Fundamentally, the goal of humankind is to save time – Marcus Weldon

7 Jul 2017197 Shares

Share on FacebookTweet about this on TwitterShare on LinkedInShare on Google+Pin on PinterestShare on RedditEmail this to someone

Marcus Weldon, president, Bell Labs, and corporate CTO, Nokia. Image: Conor McCabe Photography

Share on FacebookTweet about this on TwitterShare on LinkedInShare on Google+Pin on PinterestShare on RedditEmail this to someone

Every invention and every technological revolution have come about to achieve one thing, according to Bell Labs’ president: save time.

What’s the greatest ever idea posed by creators of science-fiction? Is it aliens visiting Earth? Humans developing superpowers? Time travel?

The latter could well be the answer, with Marcus Weldon, president of Bell Labs, adamant that saving time (or even creating time) is humanity’s sole goal.

Speaking at Inspirefest, Weldon argued that every single invention has come about with one ultimate aim: create time.

A car, for example, gets us from A to B faster than walking. This saves time and, in that saved time, we can be more productive. Planes could be considered the same, with Weldon noting the printing press as a perfect example of time-saving done right. Even NASA’s Hubble Telescope was mentioned.

“What’s the alternative to seeing somewhere? Going somewhere,” he said, claiming Hubble’s gaze and zoom reveal places to us 5,000-times faster than any tangible, travelling alternative.

Leading Bell Labs is no easy task, with the 92-year-old company at the forefront of invention and innovation. Even though it has been lauded with Nobel prizes, national medals of science and technology, Grammys, Emmys and Oscars throughout its history, Weldon thinks of these awards as mere luck.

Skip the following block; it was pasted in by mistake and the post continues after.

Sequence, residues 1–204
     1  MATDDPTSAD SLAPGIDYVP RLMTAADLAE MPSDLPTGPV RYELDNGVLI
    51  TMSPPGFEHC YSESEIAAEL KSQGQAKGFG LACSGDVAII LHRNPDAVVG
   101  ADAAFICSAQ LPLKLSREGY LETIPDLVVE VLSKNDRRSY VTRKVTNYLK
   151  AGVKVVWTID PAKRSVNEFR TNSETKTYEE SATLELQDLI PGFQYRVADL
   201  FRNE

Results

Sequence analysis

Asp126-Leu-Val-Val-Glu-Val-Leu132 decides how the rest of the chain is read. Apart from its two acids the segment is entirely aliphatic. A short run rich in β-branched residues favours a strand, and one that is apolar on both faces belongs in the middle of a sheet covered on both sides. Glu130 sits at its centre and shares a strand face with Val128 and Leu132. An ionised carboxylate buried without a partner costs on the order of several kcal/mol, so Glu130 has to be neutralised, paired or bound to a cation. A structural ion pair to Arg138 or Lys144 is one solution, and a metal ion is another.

“We win them by accident,” he said. “What we try to do is solve the problems that confront humanity. How does humanity have to exist, or how should it exist, in the future?

“What is it that humans should be doing then, to live better existences? We look at the technical problems that exist, and we solve those. When you do that, you win Nobel prizes.”

The particularly interesting thing about how Weldon and Bell Labs see the world in 10 to 20 years, is that it will be “a creative, aesthetic, humanistic” environment. Claiming we’re not in that world yet, Weldon thinks instead we’re in a “techie world”, one which is not really helping us prosper.

“Technology is acting like a drug dealer, making us more consumed by data and applications that, perhaps, aren’t providing pre-eminent human value.” They’re addictive, but they are a distraction.

So the next revolution will see some big changes, led by internet of things, big data and artificial intelligence. Fundamentally, Weldon said, this will again be about automating things, as with previous revolutions.

“What we’re going to automate, though, is the mundane things, not the creative things. Machines are good at doing repetitive things, not creative things. That’s the one thing humans are good at.

“Why do you automate? To create time. That is the only reason.”

Then, with that freed-up time, we get to do everything else.

Gordon Hunt is a journalist at Siliconrepublic.com

editorial@siliconrepublic.com